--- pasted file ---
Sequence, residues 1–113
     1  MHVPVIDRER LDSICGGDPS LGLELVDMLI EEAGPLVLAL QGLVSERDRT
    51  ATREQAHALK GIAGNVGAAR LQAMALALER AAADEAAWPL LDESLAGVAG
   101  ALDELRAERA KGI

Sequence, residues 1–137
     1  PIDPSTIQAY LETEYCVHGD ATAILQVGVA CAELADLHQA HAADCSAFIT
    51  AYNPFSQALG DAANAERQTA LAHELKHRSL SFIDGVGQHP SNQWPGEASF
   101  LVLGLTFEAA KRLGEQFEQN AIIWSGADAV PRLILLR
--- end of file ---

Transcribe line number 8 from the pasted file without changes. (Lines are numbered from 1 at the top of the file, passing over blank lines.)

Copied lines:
   101  LVLGLTFEAA KRLGEQFEQN AIIWSGADAV PRLILLR